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Drug Use During Pregnancy

Substance abuse doesn’t just negatively impact the life of the person using the drug. Especially when a woman engages in drug use during pregnancy.

The effects of drugs and alcohol during pregnancy are well-documented. If you abuse drugs while pregnant, you risk having a premature birth and/or a baby with serious birth defects. Drug abuse puts the baby at risk of being born with an addiction and can result in lifelong challenges for the infant.

Important Facts About Substance Abuse During Pregnancy

According to the 2013 U.S. National Survey on Drug Use and Health, 5.4% of all pregnant women reported drug use, and 9.4% reported alcohol consumption. In surveys, 20% of women reported some alcohol consumption during pregnancy. However, these rates have decreased in the past 15 years. This is partially due to increased awareness and public education regarding the damaging effects on the developing fetus.

Prenatal alcohol exposure may affect many more children than what is reported. Pregnant women often underreport substance use because they’re afraid of judgment or punishment. Pregnant women also don’t want to risk losing their baby to child protective services. The majority of pregnant women who abuse a drug during pregnancy may also use legal drugs such as alcohol. This can impact the developing baby and lead to fetal alcohol syndrome, which is discussed below.

The introduction of long-acting oxycodone in the mid-1990s has contributed to a growing trend of opioid misuse (even as a prescription drug). Opioid addiction is currently the most common reason pregnant women seek treatment for drug abuse (38%). Research indicates that pregnant women also seek treatment for the following drugs:

  • Marijuana (20%)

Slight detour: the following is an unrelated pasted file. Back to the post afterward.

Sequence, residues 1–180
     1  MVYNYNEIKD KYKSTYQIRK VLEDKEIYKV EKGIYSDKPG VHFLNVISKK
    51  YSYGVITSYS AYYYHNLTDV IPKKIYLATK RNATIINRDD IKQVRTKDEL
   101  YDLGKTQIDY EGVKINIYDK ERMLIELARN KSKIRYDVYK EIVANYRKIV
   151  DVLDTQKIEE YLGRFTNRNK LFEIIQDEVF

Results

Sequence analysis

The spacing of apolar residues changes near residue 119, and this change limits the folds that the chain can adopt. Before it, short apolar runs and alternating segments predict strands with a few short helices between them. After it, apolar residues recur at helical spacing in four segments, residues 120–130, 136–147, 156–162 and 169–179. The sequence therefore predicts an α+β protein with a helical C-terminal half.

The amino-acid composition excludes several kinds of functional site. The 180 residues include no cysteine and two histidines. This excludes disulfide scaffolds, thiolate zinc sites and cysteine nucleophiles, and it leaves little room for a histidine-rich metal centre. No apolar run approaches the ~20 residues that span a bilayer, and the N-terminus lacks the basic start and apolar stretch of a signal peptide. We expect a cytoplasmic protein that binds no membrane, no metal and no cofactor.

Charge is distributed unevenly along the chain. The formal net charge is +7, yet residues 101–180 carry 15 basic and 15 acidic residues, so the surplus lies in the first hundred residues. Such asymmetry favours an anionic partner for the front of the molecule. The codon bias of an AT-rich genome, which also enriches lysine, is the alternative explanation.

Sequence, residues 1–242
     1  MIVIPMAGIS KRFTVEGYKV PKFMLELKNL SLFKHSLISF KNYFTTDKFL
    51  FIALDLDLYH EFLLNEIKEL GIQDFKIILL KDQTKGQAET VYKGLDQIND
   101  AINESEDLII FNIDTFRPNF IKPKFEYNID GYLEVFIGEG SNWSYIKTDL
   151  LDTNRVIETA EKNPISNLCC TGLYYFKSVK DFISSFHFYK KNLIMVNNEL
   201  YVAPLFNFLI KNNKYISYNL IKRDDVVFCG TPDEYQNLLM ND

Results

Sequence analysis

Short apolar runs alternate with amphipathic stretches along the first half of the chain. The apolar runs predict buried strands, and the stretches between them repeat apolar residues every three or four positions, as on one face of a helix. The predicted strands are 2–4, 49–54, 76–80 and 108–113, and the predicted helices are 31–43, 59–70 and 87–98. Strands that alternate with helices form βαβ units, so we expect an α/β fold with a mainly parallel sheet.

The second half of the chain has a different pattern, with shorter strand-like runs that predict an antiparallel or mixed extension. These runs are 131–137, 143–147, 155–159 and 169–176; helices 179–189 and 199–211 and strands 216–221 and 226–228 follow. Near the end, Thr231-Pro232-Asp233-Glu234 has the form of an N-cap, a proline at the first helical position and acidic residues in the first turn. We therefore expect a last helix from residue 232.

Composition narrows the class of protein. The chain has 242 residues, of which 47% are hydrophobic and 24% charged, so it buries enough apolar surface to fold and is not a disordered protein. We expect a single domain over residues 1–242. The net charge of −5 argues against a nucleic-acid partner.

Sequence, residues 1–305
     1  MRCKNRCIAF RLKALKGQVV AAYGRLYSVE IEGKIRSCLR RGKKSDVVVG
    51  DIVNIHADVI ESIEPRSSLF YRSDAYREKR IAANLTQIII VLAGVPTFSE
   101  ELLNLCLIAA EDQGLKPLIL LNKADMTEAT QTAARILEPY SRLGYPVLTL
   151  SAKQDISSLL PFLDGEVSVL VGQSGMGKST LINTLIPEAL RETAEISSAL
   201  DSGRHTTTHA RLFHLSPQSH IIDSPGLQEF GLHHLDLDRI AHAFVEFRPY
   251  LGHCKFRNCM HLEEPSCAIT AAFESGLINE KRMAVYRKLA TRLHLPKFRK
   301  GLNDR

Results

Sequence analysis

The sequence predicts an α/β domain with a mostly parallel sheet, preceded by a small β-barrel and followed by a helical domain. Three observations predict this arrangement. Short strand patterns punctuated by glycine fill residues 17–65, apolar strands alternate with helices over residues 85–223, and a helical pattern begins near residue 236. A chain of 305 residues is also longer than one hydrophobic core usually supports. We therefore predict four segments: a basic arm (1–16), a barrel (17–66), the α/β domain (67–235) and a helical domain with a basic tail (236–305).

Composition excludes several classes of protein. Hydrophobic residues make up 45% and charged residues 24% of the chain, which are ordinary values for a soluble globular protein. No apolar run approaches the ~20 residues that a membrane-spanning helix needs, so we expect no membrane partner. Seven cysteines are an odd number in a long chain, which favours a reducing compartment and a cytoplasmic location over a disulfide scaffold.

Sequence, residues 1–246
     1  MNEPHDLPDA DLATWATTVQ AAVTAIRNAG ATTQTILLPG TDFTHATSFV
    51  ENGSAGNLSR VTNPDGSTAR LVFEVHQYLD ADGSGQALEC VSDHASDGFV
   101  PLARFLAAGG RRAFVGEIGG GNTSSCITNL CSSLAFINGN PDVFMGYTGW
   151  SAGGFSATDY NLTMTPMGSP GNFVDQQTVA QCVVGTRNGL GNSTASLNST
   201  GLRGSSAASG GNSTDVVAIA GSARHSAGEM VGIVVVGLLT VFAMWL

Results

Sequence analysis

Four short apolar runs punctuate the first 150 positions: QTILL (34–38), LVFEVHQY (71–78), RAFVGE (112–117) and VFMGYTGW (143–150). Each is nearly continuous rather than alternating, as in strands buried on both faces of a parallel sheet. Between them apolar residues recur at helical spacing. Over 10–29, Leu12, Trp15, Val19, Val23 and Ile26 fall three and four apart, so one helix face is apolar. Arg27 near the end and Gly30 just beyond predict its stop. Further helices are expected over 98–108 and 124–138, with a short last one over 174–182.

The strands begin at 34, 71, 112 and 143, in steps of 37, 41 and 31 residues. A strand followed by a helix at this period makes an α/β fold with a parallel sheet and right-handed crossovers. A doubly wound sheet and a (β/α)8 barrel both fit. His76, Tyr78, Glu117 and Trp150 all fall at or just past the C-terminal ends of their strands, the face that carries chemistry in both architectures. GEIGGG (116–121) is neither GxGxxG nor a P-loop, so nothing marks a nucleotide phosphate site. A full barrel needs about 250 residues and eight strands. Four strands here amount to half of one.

• Methamphetamines (15.6%)
  • Cocaine (7.4%)
  • Tranquilizers and sedatives (1.2%)
  • Hallucinogens and PCP (0.6%)

The Effects of Drug Use on the Baby

Drugs and alcohol cross the placenta and enter the circulation of the developing fetus. This can result in:

  • Premature birth or premature labor
  • Low birthweight or growth restriction
  • Risk of birth defects involving the heart, kidneys or intestines
  • Defects involving the brain, such as learning problems
  • Miscarriage

Multiple studies have shown an association between pregnant women who used codeine in the first trimester and infants born with congenital heart defects.

Drug Use Can Affect a Baby’s Brain Development

Some studies have shown that cocaine use during pregnancy can result in deficits in certain brain regions. The research suggests problems related to brain growth, as well as in brain regions linked to:

  • Attention
  • Emotion
  • Language
  • Behavior
  • Motor functions
  • Cognitive functions

The effects are not immediately apparent. In fact, many cognitive issues don’t show up until adolescence. For example, some research shows that teens whose mothers used cocaine during pregnancy may have issues in various brain regions associated with language, memory, attention and planning. But more research needs to be done to assess the long-term effects of in-utero exposure. For this reason, it is essential that studies follow up with drug-exposed children into their teen years.

Neonatal Abstinence Syndrome

Heroin withdrawal is not fatal to healthy adults. But fetal death is a risk in pregnant women who do not seek treatment for opioid addiction. When a pregnant woman continues to use opioids (or other legal or illicit substances) the baby can experience neonatal abstinence syndrome, which includes symptoms such as:

  • Excessive or high-pitched crying
  • Diarrhea
  • Vomiting
  • Blotchy skin
  • Stuffy nose or sneezing
  • Sweating
  • Fever
  • Trembling
  • Seizures
  • Hyperactive reflexes
  • Quick breathing
  • Irritability
  • Trouble sleeping
  • Excessive sucking

Fetal Alcohol Spectrum Disorders